It’s been winter for a long time now. It’s been winter in the insistent way of Colorado, snow weighing over the earth like the X-ray apron at the dentist. I crunch to the bus stop over thick, complicated patterns of ice: rivulets frozen solid, chance made immortal. The ice resists the sun, but she melts it away eventually. A different kind of insistence.

When I got here it was warm and dry and bright in a way that made me realize exactly how much closer to the sun I was, up here in the mountains. When I got here I ran out of breath after walking up a flight of stairs. I was supposed to teach and write, two things I knew I could theoretically do but seemed somehow impossible in practice. But when the school year started it didn’t matter whether or not my tasks felt possible—they simply were.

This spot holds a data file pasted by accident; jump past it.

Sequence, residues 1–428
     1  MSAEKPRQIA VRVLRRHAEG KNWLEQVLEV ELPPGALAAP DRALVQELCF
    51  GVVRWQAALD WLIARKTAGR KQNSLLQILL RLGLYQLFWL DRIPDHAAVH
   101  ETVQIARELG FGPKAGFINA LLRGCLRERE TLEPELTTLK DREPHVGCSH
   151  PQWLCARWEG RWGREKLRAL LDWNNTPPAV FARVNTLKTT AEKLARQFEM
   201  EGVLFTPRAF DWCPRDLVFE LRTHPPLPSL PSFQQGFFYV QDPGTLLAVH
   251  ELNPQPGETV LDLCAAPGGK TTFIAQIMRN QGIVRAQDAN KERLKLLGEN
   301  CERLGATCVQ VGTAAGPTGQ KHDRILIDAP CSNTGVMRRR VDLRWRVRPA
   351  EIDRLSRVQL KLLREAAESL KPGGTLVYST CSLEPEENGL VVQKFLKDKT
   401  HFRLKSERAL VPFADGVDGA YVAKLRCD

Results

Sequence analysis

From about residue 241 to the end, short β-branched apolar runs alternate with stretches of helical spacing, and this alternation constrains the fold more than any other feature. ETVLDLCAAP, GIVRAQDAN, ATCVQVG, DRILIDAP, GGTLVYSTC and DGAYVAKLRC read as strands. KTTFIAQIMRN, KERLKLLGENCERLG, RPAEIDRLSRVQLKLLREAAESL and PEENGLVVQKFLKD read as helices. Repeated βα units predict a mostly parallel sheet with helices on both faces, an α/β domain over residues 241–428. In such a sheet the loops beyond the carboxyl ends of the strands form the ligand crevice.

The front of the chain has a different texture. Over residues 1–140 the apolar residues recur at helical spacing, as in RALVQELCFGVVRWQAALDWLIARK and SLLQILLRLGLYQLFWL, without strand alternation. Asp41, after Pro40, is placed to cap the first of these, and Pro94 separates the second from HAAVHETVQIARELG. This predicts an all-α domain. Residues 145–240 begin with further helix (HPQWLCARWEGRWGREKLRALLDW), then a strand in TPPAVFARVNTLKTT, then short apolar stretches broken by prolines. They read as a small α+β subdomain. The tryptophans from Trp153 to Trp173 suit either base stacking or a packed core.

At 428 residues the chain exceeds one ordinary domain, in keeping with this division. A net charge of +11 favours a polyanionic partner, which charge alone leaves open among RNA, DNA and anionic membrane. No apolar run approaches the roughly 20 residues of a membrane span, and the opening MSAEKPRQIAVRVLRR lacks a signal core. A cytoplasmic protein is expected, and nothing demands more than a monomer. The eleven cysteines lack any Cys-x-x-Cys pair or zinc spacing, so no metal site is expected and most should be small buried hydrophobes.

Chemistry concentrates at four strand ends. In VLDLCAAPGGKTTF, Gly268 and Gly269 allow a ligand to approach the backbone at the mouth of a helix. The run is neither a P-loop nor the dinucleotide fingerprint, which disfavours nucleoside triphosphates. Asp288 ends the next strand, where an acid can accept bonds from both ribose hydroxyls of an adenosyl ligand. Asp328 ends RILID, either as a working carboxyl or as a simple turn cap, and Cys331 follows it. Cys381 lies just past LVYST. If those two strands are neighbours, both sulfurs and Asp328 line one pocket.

The days blur together in my memory: lesson plans and readings and my tiny basement office and dozens and dozens of muffins (baking is my stress reliever). Sentences upon sentences, paragraphs upon paragraphs, pages upon pages. I don’t remember exactly what I wrote when, or what I read when, or what I said each time I stood before my undergrad students, three days a week for fifteen weeks. What I do remember are the faces of the people who have grown dear to me over these months that have passed so slowly and in no time at all. These people whose writing I have been dazzled by, who have said unfathomably kind things about my own writing, who have driven me to the airport, whom I have picked up from the airport. These people who have eaten my muffins and sat next to me on my couch as we each read our own books—introvert heaven. These writers. This community.

Somehow I am a better writer now. Somehow I breathe easier. Somehow the ice persists. The sun does, too.

Julia Marquez-Uppman is a first-year MFA candidate in Creative Nonfiction.